Friday Review: How to Stop a Horn DVD

The topic for this week’s review is an excellent resource for learning to play stopped horn – How to Stop a Horn – produced by Dr. Randall Faust, Professor of Horn at Western Illinois University. I had the opportunity to speak with Dr. Faust at the 2011 Midwest Clinic, and he generously passed along this DVD as well as several of his other publications. Along with instructional videos by Douglas Hill, Wendell Rider, and others, this DVD belongs in the library of any serious student or teacher. In this 30 minute “virtual lesson,” Professor Faust covers the topic of stopped horn comprehensively, from a historical as well as practical perspective. The video is divided into several chapters, listed below.

  • How to Stop a Horn
  • Historical Considerations
  • Excerpts from Musical Examples
  • Acoustical Considerations
  • An Introduction to Marvin Howe’s Treatise Stopped Horn
  • Practical Considerations
  • Exercises to Practice with this DVD
  • Fingerings
  • Resistance
  • Muted Horn Applications
  • Transposing Brass Stopping Mute
  • Bibliography

Professor Faust’s commentary is informed by years of experience as a performer and teacher of the horn, and he concisely – but accurately – explains the acoustical phenomena behind hand stopping. All of his lecture material is accompanied by expertly played demonstrations, including musical excerpts by Beethoven and Saint-Saëns (performed on the natural horn, as shown in the above image), and a thorough demonstration of the overtone series. One innovative technique he uses is demonstrating stopped technique on a detachable-bell horn with its bell removed (see image below). The purpose being to show students just how much the bell must actually be closed in order to produce a characteristic stopped horn sound. He also includes several effective exercises for developing and improving stopped horn playing. It’s also worth noting that many of Faust’s musical compositions make extensive use of stopped horn – check them out by visiting www.faustmusic.com. Though I’ve not yet performed any of his music, thanks to Dr. Faust I now have the scores to several of his compositions, and I plan to program them on future recitals. (One idea I’ve been thinking about is a recital of music “for horn players by horn players.” There are several very fine works out there that fit this category, especially by 20th and 21st century composers.)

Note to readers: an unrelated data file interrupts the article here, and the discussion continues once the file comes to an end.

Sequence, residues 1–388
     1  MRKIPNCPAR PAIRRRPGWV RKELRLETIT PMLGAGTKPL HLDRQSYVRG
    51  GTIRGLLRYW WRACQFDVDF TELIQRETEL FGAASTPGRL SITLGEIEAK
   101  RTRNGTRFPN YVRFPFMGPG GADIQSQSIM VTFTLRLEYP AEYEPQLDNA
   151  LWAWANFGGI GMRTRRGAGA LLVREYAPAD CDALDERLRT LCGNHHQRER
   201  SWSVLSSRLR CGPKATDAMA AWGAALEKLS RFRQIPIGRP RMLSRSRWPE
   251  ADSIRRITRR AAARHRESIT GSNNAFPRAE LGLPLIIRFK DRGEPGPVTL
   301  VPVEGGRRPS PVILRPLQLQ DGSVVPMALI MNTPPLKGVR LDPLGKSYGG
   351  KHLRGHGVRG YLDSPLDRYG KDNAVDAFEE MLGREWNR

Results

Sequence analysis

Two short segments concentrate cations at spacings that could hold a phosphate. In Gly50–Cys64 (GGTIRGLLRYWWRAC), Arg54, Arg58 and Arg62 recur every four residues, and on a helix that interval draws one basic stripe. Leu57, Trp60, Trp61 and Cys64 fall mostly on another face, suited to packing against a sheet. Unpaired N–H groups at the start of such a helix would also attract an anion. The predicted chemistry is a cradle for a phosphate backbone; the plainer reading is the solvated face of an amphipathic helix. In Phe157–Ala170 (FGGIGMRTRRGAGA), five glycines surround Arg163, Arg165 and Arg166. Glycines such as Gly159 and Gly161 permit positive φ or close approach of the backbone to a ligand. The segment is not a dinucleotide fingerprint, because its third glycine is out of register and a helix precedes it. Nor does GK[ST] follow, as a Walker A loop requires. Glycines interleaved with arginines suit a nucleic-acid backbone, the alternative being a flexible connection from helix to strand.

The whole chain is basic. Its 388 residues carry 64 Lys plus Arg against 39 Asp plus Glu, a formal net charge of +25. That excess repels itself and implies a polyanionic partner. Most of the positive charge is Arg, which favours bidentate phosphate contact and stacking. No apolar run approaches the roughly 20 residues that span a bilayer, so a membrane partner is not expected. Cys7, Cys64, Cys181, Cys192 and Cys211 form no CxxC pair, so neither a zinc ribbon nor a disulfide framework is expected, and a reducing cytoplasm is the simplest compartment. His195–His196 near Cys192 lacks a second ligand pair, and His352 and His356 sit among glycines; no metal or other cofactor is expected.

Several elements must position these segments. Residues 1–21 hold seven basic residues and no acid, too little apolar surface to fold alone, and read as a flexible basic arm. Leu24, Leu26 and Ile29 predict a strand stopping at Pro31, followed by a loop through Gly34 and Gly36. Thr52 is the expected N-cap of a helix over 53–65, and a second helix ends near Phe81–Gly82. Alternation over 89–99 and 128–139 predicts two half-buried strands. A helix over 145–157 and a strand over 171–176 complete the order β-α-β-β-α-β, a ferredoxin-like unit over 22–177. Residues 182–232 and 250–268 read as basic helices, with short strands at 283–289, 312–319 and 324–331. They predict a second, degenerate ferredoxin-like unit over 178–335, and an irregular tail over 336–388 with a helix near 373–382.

Be sure to check out this DVD – it’s very well done!  (Read another review of this DVD at HornMatters.com) Having put together my own video resources on stopped horn and other topics, I can say that it is quite time consuming and takes a great deal of work both in the recording and editing process.  Bravo and thank you to Randall Faust for putting together a fine resource.  [All screen images from How to Stop a Horn used by permission.]

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